Gold primed to soar in 2016, and here’s why
The light at the end of the tunnel continues to stay lit for gold. Prices for the precious metal posted the biggest one-day gain in more than 14 months on Monday, rising 3.5 percent--and briefly above $1,200 an ounce--to close at $1,197.90. As global financial markets continue to tumble the trend for gold could easily skyrocket in 2016.
“A strong risk-off sentiment is feeding into the gold market,” said James Steel, chief precious-metal analyst at HSBC Securities (USA) Inc.
According to The Wall Street Journal, "a fall in the dollar against other major currencies, sharp losses in equity markets across the board and a continuous slide in oil prices have contributed to investor jitters about the unsteady economic conditions and weakening corporate earnings, pushing investors to plow money into gold."
George Gero, a precious-metal strategist at RBC Capital Markets, said “it’s the fear of the unknowns” that is driving the demand for gold.
"The drive for gold today is purely tied to the risk type of trade," said Eli Tesfaye, senior market strategist for brokerage RJO Futures in Chicago. "People have to move their equities out of there, have to put (money) into safer assets."
The yellow metal, which has logged losses for three consecutive years, also has investors feeling bullish. Sushil Kedia, President of the Association of Technical Market Analysts (ATMA), believes gold prices will eventually double past $2,000 an ounce.
Other precious metals such as platinum, silver and palladium were also up. Prices for platinum rose 2.2 percent to $926.98, silver jumped 2.8 percent to $15.39 an ounce, and palladium reached $515.20 an ounce, up 2.9 percent.
Lithium producers bullish as EV revolution ramps demand
Rising demand for lithium is stoking prices for the electric vehicle battery metal, fueling long-delayed expansions that still may not produce adequate supplies that automakers need to meet aggressive production plans.
Growing industry optimism from higher lithium prices is a change from last year when funding for mines and processing plants dried up during the pandemic.
Albemarle Corp, Livent Corp and other producers are scrambling to make more lithium, but some analysts worry the recent price jump will not spur a big enough expansion to meet a planned wave of new EV models by mid-decade.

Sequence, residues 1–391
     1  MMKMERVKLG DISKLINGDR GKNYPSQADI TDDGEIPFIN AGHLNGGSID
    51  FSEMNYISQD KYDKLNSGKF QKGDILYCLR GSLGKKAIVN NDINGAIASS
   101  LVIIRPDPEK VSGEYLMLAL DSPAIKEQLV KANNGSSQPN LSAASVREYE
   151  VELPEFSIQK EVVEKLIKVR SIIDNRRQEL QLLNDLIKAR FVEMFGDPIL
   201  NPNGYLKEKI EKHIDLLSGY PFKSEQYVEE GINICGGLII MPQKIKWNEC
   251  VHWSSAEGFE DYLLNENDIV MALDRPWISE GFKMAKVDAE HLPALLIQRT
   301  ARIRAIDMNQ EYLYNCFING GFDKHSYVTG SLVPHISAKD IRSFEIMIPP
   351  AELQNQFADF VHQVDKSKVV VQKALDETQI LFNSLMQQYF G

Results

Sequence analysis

Since January, General Motors Co, Ford Motor Co LG Energy Solution and SK Innovation Co, along with other automakers and battery parts manufacturers, have said they will spend billions of dollars on EV plants.
U.S. President Joe Biden has proposed spending $174bn to boost EV sales and infrastructure. The European Union has similar plans, part of a rush to catch up with global EV leader China.
Those moves have helped an index of lithium prices jump 59 percent since April 2020, according to data from Benchmark Mineral Intelligence, a commodity pricing provider.
The rising demand “reflects what feels like a real and fundamental turning point in our industry,” said Paul Graves, chief executive of Livent Corp, which supplies Tesla Inc. On Monday, it said it would more than double its annual lithium production to 115,000 tonnes.
Graves warned, though, that “it will be a challenge for the lithium industry to produce sufficient qualified material in the near and medium term.”
Albemarle, the world’s largest lithium producer, aims to double its production capacity to 175,000 tonnes by the end of the year when two construction projects are complete. Albemarle's Q1 profit beat expectations thanks to rising lithium prices. Chile’s SQM, the No. 2 producer, said its goal to expand production of lithium carbonate by 71 percent to 120,000 tonnes should be complete by December.
Australia’s Orocobre is paying $1.4 billion for smaller rival Galaxy Resources, a strategy designed to boost scale and help it grow faster in regions closer to customers.
“The next few years are going to be critical in terms of whether there’s enough available lithium supply, and that’s why you’re starting to see commodity prices start to ramp,” said Chris Berry, an independent lithium industry consultant.
The price gains helped Albemarle and other major producers, including China’s Ganfeng Lithium Co and SQM, post big gains in first-quarter profit and boost forecasts for the year.
Even China’s Tianqi Lithium Corp, saddled with debt due to years of low lithium prices, signaled that recovering demand should help it swing to a profit this year.
Forecasts call for demand for the white metals to surge from about 320,000 tonnes annually last year to more than 1 million tonnes annually by 2025, when many automakers plan to launch new EV fleets, according to Benchmark.
Still, demand is expected to outstrip supply in 2025 by more than 200,000 tonnes, so lithium prices may need to rise to encourage producers to build more mines. That could boost the prices consumers pay for EVs. “Companies across the lithium-ion supply chain are in the best position they’ve been in for the last 5 years,” said Pedro Palandrani of the Global X Lithium & Battery Technology ETF , which has doubled in value in the past year.